I knew they could control pre-eclamsia sometimes, and only being 27 and
a half weeks, I knew they would try to control it, not deliver the baby.
Plus, I felt great (besides my sore neck) - I couldn't
be THAT sick, I thought.
Atthe hospital they drew some blood,
and as soon as those labs came back, everything went crazy. They told me
that I didn't just have pre-eclamsia.. I had HELLP syndrome, which the
doctor described to me, and then they immediately hooked me up to mag sulfate,
steroids (to help our son's lungs grow fast), and an IV.
They did an amnio and an ultrasound to
see how our son was handling everything. Apparently he was doing fine...my
stressed body was giving him a boost of growth somehow.
We waited overnight to see if my liver enzymes
would go up and if my blood platelets would recover a
little (I was admitted with platelets of 30,000 - a healthy pregnant woman
has over 200,000).
We were able to wait until the next morning
(about 24 hours) and then they decided they couldn'twait anymore.. my body was taking a turn for the worse after being stable
during the night. They gave me two bags of platelets before
the c-section and then had a terrible time controlling my blood pressure
while in surgery. My doctor told me later that I "went to the edge and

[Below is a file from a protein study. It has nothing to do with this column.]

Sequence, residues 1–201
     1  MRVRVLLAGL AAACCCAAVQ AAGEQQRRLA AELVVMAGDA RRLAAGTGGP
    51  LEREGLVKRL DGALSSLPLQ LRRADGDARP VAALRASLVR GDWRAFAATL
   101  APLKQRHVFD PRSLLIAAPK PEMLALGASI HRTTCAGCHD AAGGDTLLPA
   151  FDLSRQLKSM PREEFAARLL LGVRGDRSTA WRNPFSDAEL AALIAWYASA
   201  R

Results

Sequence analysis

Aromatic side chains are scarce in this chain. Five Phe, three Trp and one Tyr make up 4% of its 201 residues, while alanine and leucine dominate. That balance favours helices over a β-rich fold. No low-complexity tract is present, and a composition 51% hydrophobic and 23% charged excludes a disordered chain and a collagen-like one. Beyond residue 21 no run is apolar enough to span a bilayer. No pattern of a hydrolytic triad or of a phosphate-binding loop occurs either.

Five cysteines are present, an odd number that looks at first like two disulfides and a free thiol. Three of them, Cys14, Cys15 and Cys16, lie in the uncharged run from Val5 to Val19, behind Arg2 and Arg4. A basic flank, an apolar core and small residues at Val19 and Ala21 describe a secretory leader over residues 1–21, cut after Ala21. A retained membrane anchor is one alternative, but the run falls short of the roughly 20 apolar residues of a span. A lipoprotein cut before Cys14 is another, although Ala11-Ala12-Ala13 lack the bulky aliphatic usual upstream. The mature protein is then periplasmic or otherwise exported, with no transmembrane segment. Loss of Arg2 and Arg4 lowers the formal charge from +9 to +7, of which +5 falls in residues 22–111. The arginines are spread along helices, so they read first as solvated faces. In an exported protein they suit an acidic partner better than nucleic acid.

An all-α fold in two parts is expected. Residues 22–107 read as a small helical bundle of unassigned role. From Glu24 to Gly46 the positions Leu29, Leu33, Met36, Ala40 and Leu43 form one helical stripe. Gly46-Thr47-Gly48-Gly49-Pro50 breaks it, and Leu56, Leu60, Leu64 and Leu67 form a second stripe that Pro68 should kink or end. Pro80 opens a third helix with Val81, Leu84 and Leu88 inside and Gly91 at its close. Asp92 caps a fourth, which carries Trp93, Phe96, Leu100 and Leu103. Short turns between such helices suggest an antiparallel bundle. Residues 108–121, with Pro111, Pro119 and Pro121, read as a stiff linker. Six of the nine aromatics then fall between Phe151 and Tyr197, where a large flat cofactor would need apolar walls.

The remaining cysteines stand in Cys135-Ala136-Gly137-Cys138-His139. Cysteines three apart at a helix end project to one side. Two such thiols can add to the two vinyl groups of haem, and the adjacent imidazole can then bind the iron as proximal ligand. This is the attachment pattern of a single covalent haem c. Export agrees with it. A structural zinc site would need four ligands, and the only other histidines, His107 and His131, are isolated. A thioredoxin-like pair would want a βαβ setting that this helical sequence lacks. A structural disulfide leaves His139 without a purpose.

back" which is a pretty scary thing to hear (I was asleep during the surgery).
But our son was born on April 25th, weighing only 1 pound 11.3 ounces,
at 27 weeks and 5 days old.
I spent 2 days in the ICU and didn't even get
to see him for the first time until 4 days after he was born. I have recovered
for the most part now, though I still tire easily 7 weeks later.
Nicholas Josef has been in the NICU since his
birth and has done remarkably well. He was only on a ventilator for 2 days
before he started breathing on his own and now, at 34 weeks gestation,
he is only on a small nasal cannula and a feeding tube until he is able to bottle feed.
He is doing the best that he possibly can at
his small age, and we hope and pray that he continues on this healthy path. After reading so many other women's stories,
I now know that we were truly blessed with the way things worked out. I
or my son could have died, or he could have had more serious health problems
than he currently does. We were also very lucky to have had a doctor who
was able to recognize and immediately diagnose the disease, and send us
to a hospital where we both had excellent care. This website has been wonderful for me, because
after reading so many other stories, I am amazed at how similar so many
of our stories are, and it's nice to know we're not alone in our experience.
The big difference seems to be in the medical care we received..some of
us had doctors who knew what they were doing, some had doctors who were
clueless. I hope this website helps to get the word out to everyone that
HELLP syndrome is a serious problem in pregnancy, and it deserves more research and attention than it seems
to be getting in this country.